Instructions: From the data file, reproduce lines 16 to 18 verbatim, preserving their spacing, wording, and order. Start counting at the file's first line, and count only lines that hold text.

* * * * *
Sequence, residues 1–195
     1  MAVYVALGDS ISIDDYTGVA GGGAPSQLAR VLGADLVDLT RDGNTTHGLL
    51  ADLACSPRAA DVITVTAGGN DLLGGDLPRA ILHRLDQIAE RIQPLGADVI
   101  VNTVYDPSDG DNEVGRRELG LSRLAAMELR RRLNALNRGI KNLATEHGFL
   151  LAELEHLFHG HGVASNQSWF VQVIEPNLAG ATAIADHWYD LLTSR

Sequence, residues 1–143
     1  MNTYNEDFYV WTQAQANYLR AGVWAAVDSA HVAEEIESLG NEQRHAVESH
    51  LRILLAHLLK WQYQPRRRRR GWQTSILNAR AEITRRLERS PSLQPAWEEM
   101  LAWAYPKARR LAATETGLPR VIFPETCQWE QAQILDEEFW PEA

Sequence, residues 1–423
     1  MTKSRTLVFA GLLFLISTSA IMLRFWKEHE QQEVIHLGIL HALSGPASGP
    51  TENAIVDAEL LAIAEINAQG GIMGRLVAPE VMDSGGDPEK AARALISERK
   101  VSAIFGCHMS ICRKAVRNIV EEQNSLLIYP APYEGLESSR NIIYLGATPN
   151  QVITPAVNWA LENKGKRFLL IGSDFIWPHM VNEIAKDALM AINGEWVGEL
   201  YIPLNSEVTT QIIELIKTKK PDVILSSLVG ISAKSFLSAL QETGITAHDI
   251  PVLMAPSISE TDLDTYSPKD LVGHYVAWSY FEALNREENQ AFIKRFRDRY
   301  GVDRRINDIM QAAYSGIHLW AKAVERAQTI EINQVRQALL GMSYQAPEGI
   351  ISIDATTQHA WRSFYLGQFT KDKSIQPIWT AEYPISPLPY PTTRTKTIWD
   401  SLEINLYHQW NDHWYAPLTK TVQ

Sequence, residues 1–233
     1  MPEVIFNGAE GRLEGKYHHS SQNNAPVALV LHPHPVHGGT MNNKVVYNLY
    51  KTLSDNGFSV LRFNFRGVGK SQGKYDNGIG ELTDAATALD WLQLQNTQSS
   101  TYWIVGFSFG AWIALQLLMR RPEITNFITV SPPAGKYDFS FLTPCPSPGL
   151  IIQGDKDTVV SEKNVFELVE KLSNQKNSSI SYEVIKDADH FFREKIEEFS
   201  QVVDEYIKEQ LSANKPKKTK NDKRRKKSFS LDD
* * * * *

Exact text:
   251  PVLMAPSISE TDLDTYSPKD LVGHYVAWSY FEALNREENQ AFIKRFRDRY
   301  GVDRRINDIM QAAYSGIHLW AKAVERAQTI EINQVRQALL GMSYQAPEGI
   351  ISIDATTQHA WRSFYLGQFT KDKSIQPIWT AEYPISPLPY PTTRTKTIWD